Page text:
I was walking to the East Village from my apartment in the West Village. I had $10 to my name and was hungry for Indian food.
Just past Washington Square Park, I came across a guy who was sitting on the curb with a guitar. He had a hat turned upside down with a few coins in it. He was between songs and had on a faded gray T-shirt that said “The Clash” in letters that were barely legible.
On a whim, I sang (badly) Mick Jones’s first lines of “Something About England” from “Sandinista.”
“They say the immigrants steal the hubcaps of respected gentlemen. They say it would be wine and roses, if England were for Englishmen again.”
He looked up, and sang a couple of Joe Strummer’s lines from later in the song: “I missed the fourteen-eighteen war, but not the sorrow afterwards. With my father dead, my mother ran off, my brothers took the pay of hoods.”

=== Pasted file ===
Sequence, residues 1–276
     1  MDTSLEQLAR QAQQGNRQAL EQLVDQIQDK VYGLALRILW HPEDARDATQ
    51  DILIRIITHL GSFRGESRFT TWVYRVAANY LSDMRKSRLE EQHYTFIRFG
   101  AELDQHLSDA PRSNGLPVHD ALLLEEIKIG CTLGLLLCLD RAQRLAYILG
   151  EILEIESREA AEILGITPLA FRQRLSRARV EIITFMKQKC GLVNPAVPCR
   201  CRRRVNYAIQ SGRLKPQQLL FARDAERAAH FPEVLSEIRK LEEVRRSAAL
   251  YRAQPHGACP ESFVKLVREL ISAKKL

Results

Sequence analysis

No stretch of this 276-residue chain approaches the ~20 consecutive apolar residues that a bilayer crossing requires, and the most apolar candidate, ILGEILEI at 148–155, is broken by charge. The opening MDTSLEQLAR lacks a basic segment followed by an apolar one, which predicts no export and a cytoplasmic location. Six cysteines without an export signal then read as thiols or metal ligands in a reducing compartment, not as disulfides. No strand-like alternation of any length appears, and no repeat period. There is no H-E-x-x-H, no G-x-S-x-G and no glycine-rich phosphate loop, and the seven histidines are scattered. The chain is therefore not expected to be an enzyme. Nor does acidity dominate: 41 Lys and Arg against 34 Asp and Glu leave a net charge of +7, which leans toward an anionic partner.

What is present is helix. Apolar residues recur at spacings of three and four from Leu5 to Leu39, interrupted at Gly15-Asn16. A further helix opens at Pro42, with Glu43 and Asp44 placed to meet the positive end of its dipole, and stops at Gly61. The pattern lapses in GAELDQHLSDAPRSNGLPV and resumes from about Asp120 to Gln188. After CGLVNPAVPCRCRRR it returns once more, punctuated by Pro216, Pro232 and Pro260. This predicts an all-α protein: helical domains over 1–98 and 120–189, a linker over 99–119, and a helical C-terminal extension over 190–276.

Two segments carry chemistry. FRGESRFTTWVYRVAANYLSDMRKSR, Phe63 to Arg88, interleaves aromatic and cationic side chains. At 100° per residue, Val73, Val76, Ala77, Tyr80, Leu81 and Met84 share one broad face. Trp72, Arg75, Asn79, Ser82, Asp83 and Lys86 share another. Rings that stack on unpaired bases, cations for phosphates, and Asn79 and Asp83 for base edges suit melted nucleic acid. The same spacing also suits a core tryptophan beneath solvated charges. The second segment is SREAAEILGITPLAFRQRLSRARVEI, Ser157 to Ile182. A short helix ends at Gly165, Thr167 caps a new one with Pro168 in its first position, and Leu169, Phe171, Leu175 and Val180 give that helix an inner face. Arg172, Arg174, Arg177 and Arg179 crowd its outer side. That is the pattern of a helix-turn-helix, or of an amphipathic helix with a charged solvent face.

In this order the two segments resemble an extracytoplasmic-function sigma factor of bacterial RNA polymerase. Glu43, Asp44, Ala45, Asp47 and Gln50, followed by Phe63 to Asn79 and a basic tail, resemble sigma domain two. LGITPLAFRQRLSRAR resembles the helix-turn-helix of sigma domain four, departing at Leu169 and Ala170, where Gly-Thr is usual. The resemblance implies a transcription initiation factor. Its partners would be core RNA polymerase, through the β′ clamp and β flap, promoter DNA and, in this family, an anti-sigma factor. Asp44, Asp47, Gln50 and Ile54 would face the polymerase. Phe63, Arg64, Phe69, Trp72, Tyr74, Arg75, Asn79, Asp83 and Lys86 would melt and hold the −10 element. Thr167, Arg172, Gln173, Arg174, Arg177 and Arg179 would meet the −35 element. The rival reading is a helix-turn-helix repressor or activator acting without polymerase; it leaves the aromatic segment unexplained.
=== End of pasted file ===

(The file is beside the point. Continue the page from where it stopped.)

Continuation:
People passed by. He kept singing, getting the lyrics mixed up as he went, but squeezing them all in anyway. (That’s OK, I thought. Strummer did that too.)
When he’d finished singing, he strummed his muted strings, waiting for me to jump back in.
I sang Jones’s last lines.